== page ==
Normally, I’m not a big fan of lists based on sociopolitical groups. For those who don’t know the term, it means groups that are related based on social or political identities–as compared to ethnolinguistic groups who share a common ethnicity or language.
Examples of ethnolinguistic groups include the Pashtun, the Beja, or Mandarin-speakers. Examples of sociopolitical groups include taxi drivers in New York, the royal family of England, or football players from Latin America.
The main reason I’m not fond of lists of sociopolitical groups is that there really isn’t any end to them – we can just keep subdividing. But there’s only so many languages spoken (and fewer all the time, actually).
However, just because I don’t like lists of sociopolitical groups doesn’t mean you can’t have a strategy for reaching a specific group, and sometimes that’s a great idea.
Take the 1._ billion Han Chinese. You can’t really say, “I’m focused on Mandarin-speaking Chinese”–well, you could, but your strategy isn’t going to be reach them all. You’re going to focus on a niche. And that niche is going to be a sociopolitical group of some kind.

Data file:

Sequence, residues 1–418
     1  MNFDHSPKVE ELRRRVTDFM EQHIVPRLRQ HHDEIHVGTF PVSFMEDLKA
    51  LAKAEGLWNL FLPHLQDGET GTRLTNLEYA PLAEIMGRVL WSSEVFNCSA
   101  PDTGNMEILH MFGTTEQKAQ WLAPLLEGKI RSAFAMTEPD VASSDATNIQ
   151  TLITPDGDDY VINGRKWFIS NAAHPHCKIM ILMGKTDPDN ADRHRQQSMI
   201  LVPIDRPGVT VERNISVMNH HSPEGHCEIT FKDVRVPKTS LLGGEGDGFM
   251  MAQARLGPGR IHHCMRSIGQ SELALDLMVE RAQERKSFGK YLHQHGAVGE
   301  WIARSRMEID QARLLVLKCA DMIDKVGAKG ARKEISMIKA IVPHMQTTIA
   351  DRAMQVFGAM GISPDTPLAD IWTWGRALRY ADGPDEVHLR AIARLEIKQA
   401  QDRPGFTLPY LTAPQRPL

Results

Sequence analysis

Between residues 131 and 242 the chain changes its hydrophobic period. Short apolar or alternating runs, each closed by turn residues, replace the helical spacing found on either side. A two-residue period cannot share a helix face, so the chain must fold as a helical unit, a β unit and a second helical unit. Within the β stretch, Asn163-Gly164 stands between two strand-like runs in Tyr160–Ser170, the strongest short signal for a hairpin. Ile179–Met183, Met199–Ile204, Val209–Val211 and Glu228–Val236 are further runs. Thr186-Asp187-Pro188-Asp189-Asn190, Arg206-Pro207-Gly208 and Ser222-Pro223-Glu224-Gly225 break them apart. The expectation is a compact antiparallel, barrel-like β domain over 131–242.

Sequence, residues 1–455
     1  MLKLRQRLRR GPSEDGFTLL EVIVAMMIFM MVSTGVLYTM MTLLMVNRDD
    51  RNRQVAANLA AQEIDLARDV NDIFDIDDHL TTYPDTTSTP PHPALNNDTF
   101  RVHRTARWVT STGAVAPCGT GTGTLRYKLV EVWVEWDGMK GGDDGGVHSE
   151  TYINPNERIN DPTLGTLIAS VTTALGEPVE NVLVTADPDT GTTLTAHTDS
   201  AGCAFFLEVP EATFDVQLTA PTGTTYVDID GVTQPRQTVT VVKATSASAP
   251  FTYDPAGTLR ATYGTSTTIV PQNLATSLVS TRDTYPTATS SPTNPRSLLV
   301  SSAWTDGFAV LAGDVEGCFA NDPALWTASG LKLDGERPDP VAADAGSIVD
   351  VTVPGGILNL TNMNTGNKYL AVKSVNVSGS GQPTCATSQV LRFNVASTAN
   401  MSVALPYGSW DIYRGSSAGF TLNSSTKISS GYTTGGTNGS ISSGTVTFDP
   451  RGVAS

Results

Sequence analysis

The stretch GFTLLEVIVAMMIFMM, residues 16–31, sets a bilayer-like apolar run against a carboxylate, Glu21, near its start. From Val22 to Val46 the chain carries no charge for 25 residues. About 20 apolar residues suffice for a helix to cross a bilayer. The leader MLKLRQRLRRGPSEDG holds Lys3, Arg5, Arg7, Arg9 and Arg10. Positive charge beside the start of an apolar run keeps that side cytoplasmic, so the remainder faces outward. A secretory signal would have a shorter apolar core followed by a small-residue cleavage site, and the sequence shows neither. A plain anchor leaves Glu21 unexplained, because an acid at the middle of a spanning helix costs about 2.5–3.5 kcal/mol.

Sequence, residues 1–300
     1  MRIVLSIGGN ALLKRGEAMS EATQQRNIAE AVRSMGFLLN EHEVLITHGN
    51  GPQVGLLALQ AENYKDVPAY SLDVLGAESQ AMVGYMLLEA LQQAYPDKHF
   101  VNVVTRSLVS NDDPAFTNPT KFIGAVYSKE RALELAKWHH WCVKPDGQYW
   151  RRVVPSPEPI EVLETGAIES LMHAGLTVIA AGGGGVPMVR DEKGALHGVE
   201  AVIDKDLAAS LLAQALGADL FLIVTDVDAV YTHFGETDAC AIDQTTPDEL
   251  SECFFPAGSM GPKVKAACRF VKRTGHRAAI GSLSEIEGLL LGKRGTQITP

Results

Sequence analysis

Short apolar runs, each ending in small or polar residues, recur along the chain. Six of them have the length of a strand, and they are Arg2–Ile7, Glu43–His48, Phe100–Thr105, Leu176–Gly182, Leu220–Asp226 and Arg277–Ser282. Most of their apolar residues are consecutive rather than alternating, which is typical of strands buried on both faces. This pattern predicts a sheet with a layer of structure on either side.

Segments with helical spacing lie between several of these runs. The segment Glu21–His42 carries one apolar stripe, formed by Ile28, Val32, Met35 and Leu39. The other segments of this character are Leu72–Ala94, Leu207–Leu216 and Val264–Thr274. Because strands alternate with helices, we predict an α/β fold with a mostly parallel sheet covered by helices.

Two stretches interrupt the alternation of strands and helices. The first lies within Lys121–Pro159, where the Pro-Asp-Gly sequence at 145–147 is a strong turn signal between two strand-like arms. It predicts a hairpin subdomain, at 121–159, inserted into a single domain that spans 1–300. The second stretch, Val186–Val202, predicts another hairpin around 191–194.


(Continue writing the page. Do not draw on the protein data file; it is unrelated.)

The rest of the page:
It may be that you are focused on Beijing urbanites. Or it may be that you’re focused on Chinese in Vancouver or Washington DC or London. Or, you may be focused on a specific social group–for example, the children left behind when parents go to work in “the big city.”
If you have a definable sociopolitical group, in which you know the “boundaries” of the group, then you can measure your effectiveness within that group (as well as the demographic growth rate of the group). That’s key to any strategy.
So, while I don’t think we should be making lists of sociopolitical groups–it’s a big enough research job to come up with lists of ethnolinguistic groups–I do think they’re a valuable strategic focus. Aim for a group that’s about 100,000 in size–and then get busy reaching out to them!